Landshut, Lippstadt, Hennef: Start-up boom hits provinces

Dusseldorf, Frankfurt The young technology company HiveMQ receives 40 million euros from international investors. It’s a message you often hear from the start-up scene in Berlin. However, the software provider for the Internet of Things (IoT) is not based in the capital, but in Landshut in Lower Bavaria. There he develops infrastructure software with which large corporations such as Audi, BMW and Honeywell connect their cars, machines and drones in real time.

HiveMQ has a chance to become “the world’s leading platform” for data exchange between IoT devices, said Christoph Hornung of British investor Molten Ventures, who is leading the financing round, on Wednesday. The state fund Mubadala from the United Arab Emirates and the Munich venture capital firms Earlybird and Senovo are also involved and financing the expansion to America.

Landshut, with a good 70,000 inhabitants, is better known for its medieval Trausnitz Castle than for a technological landscape. But it is becoming increasingly clear that venture capital companies are now looking for potential start-ups worth billions in the provinces as well.

Hendrik Brandis, founding partner of Earlybird, sees a “clear shift” in his portfolio: According to this, three quarters of Earlybird’s investments between 2009 and 2014 went to the nine largest European tech locations, including London, Berlin, Munich, Paris and Amsterdam. Between 2015 and 2021, the rate dropped to 56 percent.

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HiveMQ is just one example of this. A whole series of companies from small and medium-sized towns should become known all over the world with investor money. This is shown by a search in the commercial register. The analysis company Startupdetector searched this for the Handelsblatt for indications of larger financing rounds in communities with fewer than 100,000 inhabitants. The criteria: capital increases of 20 percent and more, at least two venture capitalists involved and a previously completed financing round.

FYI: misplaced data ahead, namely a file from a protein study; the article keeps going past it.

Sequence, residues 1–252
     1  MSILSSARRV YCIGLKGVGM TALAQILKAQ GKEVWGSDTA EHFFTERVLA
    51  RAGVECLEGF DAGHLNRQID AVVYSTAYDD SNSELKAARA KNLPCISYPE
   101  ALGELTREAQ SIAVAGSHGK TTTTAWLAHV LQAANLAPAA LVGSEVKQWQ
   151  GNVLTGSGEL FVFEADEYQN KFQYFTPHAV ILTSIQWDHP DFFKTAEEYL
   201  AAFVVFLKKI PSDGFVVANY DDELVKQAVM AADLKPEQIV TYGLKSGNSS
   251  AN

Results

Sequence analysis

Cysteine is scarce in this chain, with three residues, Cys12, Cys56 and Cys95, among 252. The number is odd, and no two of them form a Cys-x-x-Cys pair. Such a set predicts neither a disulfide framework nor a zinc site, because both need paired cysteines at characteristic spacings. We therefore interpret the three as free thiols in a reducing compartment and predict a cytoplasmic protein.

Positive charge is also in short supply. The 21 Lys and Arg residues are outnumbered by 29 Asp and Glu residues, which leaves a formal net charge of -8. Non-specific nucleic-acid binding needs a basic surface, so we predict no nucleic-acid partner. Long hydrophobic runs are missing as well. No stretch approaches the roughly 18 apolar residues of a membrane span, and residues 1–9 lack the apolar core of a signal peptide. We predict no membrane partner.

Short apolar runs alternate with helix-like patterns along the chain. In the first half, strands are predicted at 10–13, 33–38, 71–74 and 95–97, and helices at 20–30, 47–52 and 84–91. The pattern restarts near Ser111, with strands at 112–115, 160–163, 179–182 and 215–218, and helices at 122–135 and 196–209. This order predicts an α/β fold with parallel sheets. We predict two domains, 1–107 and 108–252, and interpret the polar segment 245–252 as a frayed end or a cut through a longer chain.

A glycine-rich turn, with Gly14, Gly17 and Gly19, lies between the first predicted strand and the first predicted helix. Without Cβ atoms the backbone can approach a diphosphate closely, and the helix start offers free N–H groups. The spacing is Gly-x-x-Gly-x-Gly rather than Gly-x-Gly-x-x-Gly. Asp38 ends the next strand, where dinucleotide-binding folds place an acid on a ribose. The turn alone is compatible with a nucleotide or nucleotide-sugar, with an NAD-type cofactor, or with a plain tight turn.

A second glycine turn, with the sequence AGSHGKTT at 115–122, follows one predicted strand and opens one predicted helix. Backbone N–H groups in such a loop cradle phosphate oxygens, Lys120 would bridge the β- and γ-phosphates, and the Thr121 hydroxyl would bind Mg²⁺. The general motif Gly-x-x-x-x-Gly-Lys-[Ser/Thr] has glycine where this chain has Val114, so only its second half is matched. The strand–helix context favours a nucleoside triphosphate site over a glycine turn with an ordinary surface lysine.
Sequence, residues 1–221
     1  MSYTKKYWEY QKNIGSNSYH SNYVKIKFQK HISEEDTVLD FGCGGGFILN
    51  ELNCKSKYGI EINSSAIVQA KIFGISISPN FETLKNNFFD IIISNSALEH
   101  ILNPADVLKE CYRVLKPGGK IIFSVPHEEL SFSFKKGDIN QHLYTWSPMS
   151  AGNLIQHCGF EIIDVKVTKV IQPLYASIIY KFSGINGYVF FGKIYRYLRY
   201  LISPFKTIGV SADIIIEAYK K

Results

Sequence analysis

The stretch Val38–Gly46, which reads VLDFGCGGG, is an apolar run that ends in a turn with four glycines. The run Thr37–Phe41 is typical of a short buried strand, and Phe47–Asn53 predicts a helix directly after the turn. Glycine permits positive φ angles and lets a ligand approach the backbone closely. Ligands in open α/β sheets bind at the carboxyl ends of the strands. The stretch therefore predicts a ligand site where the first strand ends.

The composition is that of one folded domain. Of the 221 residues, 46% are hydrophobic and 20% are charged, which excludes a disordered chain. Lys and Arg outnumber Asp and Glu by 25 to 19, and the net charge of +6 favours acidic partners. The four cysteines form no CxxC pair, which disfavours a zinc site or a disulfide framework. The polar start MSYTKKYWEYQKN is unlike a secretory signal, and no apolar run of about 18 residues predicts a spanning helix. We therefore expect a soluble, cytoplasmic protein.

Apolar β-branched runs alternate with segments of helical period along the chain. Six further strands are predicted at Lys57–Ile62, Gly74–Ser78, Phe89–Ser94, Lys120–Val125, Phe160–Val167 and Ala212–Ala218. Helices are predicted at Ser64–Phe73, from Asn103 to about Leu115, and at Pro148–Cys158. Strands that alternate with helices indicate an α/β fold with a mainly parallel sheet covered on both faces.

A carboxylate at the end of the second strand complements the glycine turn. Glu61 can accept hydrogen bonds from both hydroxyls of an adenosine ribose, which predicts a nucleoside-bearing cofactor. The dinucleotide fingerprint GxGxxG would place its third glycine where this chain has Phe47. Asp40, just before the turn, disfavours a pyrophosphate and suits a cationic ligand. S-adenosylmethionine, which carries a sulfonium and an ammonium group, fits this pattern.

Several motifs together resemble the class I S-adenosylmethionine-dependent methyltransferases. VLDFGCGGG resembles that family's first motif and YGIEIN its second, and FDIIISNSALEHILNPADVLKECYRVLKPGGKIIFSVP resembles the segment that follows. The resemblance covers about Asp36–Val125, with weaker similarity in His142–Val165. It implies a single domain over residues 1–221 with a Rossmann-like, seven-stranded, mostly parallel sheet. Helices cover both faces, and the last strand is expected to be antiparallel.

New investor strategy: look away from the metropolises

The result is a list of 22 companies, some of which have been financed with amounts in the high millions since the beginning of last year. HiveMQ is not included yet.

Most of the companies come from near Munich. This includes Kewazo from Garching: With the 4.2 million euros from the second round of financing in September, the founding team around Artem Kuchukov and Ekaterina Grib want to further develop their construction robot technology.

The 19,000-inhabitant community Gilching even has a robotic unicorn with Agile Robots: The start-up was valued at more than one billion dollars in a 186 million euro financing round in September.

But investments are also being made elsewhere: in Hannoversch Münden in Lower Saxony, general practitioner and emergency physician Benjamin Gutermann has launched a platform for remote medical diagnosis. At the end of 2021, there were seven million euros to further develop the MetKitDoc software. Creapaper from Hennef near Bonn was able to raise 20 million euros to expand its CO2-saving grass paper for hygiene products, food packaging and bags.

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Two factors are driving the development. On the one hand, competition among venture capitalists is increasing. Since there are many new early-stage financiers, it is “a strategy for some investors to look for top start-ups away from the metropolises,” says investor Romy Schnelle from the High-Tech Gründerfonds.

On the other hand, the ongoing trend towards digital networking plays an important role, says Earlybird partner Brandis: In the past, start-up entrepreneurs were most likely to find their co-founders, investors, employees and consultants in start-up strongholds. Networking is now increasingly taking place virtually and independent of location.

“The critical size for innovations are always brilliant minds, 85 percent of which can be found in the regions,” says Brandis. Now they could use their potential through access to resources.